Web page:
The Student News Site of Chisholm Trail High School

Staff Members Share Opinions On Social Media

November 5, 2021

Social media and its effects on school are still being discovered. Many have different things to say about social media in general and its usage at school. 

“Social media is the biggest negative at school,” Russell said. “I think that social media is by far the biggest distraction for students at school.” 

Russell said that social media is a one-directional platform and not suited for conversations, but more suitable for shock value posts.  

Say a tweet,” Russell said, “you need to put your ideas out there, people can respond to it. But there’s so many that you can’t converse with all of them. They’re just responses. Sometimes their responses are just like thumbs up, sometimes their responses with a smiley face. And so, it doesn’t create any depth of discussion like when you have a discussion in person. In a true discussion, you can say something like, whatever your beliefs are, and then the other person would say what their beliefs are. And then you explain to them why and they explain to you why. And then you can either empathize with them and understand or you can disagree cordially and then separate. Social media lacks feeling and depth.” 

Assistant Principal Wat Harden can see both the good and bad in social media. On one hand, Harden said that problems can come with altercations.  

“That’s when the whole negative side of social media comes about,” Harden said, “because not every event in the building should necessarily be recorded and sent out. A common issue is just students feeling the need to record every single thing and then share it out, because then it gives one perspective one view of what’s going on here but that’s not necessarily always the case.” 

However, Harden points out that that social media can be useful even if one-directional.  

“We can keep parents and community members involved and up to date,” Harden said. “Whether football scores, volleyball scores, or senior events, we can get information out in real time. When I was growing up, you had to look at the newspaper, look at the news and so you had to rely on those forms of information, and as for social media you can immediately get up to date information.”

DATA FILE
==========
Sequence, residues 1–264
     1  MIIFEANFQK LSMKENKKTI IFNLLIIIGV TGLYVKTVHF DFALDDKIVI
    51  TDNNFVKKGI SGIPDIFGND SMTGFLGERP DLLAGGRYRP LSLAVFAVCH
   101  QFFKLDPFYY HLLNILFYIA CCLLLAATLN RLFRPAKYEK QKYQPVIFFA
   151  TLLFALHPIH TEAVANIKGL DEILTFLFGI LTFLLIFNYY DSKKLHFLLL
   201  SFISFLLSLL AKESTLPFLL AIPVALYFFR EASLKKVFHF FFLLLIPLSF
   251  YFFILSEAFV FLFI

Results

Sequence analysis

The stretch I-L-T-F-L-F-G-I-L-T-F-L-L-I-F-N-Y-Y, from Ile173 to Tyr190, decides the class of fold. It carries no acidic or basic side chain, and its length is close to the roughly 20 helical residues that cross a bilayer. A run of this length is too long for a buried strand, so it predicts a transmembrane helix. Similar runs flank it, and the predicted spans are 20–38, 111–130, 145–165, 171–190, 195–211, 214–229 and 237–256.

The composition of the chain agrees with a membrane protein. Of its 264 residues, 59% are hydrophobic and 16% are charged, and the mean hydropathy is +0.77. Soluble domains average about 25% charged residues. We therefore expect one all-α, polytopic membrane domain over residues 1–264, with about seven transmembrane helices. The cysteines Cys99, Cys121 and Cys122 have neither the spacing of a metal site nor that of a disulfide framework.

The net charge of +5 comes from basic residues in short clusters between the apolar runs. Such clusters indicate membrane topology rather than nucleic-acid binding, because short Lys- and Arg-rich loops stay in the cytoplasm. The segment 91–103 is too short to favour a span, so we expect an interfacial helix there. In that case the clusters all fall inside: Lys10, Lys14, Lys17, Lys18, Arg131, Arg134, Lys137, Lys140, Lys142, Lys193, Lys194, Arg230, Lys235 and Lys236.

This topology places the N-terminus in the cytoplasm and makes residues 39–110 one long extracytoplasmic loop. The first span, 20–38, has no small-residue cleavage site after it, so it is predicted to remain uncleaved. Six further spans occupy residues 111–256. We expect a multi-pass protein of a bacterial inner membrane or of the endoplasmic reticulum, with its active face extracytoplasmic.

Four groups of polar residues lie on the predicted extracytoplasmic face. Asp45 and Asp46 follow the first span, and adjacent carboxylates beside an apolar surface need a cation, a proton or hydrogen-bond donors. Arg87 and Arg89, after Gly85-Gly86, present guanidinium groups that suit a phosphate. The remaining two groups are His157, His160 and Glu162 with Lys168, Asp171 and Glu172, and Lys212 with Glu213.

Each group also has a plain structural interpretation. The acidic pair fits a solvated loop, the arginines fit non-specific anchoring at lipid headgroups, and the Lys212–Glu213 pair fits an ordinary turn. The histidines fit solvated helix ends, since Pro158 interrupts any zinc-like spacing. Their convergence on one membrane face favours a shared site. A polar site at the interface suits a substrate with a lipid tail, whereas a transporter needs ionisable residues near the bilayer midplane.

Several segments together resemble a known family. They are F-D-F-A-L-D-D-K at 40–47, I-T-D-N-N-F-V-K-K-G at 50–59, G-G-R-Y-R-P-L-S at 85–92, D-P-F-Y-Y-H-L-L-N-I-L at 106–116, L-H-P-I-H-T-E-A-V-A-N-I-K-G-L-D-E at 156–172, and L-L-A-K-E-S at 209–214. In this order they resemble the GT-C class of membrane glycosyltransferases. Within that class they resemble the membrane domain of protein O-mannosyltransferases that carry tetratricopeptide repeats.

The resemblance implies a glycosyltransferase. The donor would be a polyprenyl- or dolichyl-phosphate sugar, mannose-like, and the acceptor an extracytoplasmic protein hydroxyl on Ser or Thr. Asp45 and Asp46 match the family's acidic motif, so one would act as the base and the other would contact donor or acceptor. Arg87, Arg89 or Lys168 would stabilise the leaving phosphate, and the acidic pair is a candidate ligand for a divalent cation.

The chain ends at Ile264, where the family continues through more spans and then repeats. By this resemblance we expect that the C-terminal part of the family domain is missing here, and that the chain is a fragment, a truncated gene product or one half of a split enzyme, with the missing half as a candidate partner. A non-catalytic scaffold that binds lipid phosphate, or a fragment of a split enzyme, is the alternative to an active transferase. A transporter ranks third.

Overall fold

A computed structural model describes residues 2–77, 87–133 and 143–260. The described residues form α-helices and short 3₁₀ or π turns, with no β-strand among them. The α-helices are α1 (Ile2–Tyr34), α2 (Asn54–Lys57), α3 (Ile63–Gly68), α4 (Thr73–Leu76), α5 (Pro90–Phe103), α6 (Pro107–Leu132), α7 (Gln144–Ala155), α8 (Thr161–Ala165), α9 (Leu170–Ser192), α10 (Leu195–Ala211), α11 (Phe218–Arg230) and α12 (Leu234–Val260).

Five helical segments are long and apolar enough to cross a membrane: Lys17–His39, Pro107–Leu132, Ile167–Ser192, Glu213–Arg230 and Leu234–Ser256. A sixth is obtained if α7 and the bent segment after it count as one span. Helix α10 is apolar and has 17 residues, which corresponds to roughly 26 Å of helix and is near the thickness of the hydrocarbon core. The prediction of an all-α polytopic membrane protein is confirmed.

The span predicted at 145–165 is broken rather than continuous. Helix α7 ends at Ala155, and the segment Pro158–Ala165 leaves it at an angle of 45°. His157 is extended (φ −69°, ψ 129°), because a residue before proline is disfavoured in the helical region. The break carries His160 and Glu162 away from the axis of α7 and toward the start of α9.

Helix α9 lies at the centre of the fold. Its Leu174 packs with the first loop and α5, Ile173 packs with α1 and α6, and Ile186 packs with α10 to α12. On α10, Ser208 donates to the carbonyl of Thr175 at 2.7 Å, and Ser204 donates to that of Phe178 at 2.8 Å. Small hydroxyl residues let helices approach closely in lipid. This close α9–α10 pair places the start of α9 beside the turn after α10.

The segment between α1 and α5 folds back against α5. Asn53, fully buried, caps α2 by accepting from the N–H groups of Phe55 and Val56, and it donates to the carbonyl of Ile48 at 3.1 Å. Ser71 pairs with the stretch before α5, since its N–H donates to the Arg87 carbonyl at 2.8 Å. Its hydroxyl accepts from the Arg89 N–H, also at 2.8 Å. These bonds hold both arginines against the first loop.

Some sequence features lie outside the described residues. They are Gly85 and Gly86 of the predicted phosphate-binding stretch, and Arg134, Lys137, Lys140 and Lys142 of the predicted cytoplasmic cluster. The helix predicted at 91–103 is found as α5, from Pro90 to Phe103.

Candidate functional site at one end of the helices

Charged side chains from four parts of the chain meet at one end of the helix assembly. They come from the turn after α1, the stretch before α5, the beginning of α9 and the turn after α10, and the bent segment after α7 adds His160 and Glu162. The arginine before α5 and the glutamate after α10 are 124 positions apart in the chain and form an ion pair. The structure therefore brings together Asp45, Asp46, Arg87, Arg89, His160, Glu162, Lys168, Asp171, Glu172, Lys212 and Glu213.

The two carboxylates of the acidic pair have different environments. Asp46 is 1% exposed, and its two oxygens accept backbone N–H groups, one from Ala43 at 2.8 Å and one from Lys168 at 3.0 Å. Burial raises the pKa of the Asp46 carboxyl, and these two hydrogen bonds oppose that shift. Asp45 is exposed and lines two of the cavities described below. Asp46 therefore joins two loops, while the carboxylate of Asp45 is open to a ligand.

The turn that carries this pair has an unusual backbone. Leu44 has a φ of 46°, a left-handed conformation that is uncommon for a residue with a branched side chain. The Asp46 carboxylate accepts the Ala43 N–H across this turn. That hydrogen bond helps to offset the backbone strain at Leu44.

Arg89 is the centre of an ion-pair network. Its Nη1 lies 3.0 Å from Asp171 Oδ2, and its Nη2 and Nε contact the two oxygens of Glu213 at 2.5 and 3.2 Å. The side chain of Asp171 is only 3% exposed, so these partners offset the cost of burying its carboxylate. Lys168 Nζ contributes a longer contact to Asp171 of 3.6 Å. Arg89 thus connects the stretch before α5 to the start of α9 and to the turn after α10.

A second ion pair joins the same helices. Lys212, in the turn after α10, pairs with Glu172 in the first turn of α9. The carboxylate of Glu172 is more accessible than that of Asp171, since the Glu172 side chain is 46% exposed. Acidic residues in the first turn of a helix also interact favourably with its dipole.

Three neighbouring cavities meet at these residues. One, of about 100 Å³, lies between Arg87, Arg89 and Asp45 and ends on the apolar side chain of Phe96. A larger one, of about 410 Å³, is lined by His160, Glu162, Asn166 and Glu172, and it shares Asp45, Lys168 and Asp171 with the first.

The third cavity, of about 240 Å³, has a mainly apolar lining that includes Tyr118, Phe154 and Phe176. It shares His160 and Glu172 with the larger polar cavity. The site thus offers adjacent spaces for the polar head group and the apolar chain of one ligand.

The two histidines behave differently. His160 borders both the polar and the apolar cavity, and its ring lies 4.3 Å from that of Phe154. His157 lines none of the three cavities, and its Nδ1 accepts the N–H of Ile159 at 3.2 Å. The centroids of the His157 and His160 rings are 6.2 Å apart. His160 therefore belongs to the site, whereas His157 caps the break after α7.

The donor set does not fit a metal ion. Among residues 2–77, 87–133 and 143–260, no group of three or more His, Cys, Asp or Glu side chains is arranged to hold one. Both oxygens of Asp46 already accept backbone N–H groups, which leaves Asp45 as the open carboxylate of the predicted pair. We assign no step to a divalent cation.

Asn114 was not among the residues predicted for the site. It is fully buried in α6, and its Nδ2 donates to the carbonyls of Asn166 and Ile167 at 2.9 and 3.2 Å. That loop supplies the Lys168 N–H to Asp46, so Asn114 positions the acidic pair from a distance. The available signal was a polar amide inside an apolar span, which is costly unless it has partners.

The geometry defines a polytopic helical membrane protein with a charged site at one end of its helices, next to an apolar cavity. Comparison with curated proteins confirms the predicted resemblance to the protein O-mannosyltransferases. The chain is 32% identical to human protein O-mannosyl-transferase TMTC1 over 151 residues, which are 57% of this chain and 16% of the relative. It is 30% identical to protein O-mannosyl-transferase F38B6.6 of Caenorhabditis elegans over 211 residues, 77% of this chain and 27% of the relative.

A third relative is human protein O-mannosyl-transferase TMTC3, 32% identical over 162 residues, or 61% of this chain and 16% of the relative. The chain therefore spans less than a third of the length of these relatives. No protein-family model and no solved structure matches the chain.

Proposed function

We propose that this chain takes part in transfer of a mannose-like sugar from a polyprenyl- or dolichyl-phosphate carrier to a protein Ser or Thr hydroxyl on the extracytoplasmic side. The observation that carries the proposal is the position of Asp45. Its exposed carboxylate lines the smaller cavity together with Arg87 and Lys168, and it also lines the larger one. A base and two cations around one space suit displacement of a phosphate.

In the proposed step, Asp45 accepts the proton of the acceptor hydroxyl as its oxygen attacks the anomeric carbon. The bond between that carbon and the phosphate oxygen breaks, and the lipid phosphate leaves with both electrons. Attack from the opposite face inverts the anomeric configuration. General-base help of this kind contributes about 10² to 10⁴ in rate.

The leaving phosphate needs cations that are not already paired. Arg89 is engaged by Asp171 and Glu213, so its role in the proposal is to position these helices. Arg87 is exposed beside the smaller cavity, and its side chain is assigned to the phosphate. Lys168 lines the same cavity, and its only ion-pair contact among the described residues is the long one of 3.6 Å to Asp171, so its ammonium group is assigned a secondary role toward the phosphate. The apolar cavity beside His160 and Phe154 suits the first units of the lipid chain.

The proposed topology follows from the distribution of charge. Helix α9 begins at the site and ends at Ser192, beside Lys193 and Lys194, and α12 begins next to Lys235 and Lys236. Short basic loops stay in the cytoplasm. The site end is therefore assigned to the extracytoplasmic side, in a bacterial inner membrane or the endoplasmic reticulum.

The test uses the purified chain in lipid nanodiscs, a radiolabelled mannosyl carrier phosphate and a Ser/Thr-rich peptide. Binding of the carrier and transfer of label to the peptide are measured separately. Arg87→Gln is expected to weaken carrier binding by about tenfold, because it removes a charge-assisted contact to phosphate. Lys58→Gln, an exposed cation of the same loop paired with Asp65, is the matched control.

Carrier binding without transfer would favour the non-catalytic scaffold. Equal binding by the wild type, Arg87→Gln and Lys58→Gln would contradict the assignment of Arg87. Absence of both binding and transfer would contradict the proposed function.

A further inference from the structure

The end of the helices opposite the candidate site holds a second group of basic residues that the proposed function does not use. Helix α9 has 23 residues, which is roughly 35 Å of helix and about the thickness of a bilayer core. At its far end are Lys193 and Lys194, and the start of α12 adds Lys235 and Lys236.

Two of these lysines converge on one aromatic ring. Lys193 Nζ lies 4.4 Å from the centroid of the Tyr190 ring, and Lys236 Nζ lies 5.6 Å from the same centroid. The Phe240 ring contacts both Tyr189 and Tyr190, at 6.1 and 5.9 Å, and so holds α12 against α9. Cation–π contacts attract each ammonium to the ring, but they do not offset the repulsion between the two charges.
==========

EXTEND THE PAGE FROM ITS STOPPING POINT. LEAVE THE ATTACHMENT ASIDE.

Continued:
Dr. Winston McCowan, CTHS Principal, agrees that social media has its place.  

“I know a majority of our students rely on social media a lot,” Dr. McCowan said. “And so, as a school administration we try to, when we want to get a message out, we use social media, we use Twitter, we use Facebook, we use Remind, we use all those different avenues because we know those are the platforms that students utilize the most.” 

Dr. McCowan does, however, acknowledge that social media has downfalls that have negative impacts on our society.  

“It’s a good place for rumors to spread,” Dr. McCowan said. “It’s a good place for people to talk negatively towards each other, and it causes problems with cyberbullying and things of that nature.” 

Looking at the pros and cons of social media, school counselor Courtny Gregg said that she could see how social media could be used for academic purposes if it doesn’t become a problem or distraction.  

“I think it can almost be an addiction for both students and adults,” Gregg said. 

 “Some of the freedoms that people take with it [social media], that maybe they wouldn’t in person. I think they feel anonymous behind a social media profile or screen and just say things that are unkind, more freely than they might, if a person was face to face so I see that side of it too.”  

Avid teacher Carol Hatten thinks that phones are a real problem in the classroom when used incorrectly as they often are. 

“I think that students should not have their cellphones in use for personal things at school,” Hatten said. “I think if they’re using their cell phones for academic things, I’m okay with that, but if you are disengaging from the learning to engage with your social media, you’re not using your school time wisely, and you’re missing out on instruction or you’re missing out on completing the assignments. And so, your social media should wait until you get out of school.” 

The use of social media and cell phones in general has caused a decline in interaction between students, school librarian Mylie James said. 

“I think there are times that it makes me really sad that the kids aren’t connecting with each other in person anymore,” James said. “When they’re sitting and eating lunch with their friends, they’re just on their phones. And so, I think it pulls some of our brain power. I think that social media can sometimes have negative influences on things like cyberbullying, rumor spreading, and putting other kids down because when you’re behind your device it’s a lot easier to say negative things than it would be for you to say to someone’s face.” 

While social media has just as many good points as bad points, there is a time and place for it according to US History teacher Rachel Head.  

“I feal like sometimes it [social media] is a distraction,” Head said. “In the classroom, I’ve been told that my room has excellent lighting for doing Tick Tocks, and while I appreciate the compliment on my room’s lighting, I don’t appreciate my class time being used for filming Tick Tocks.” 

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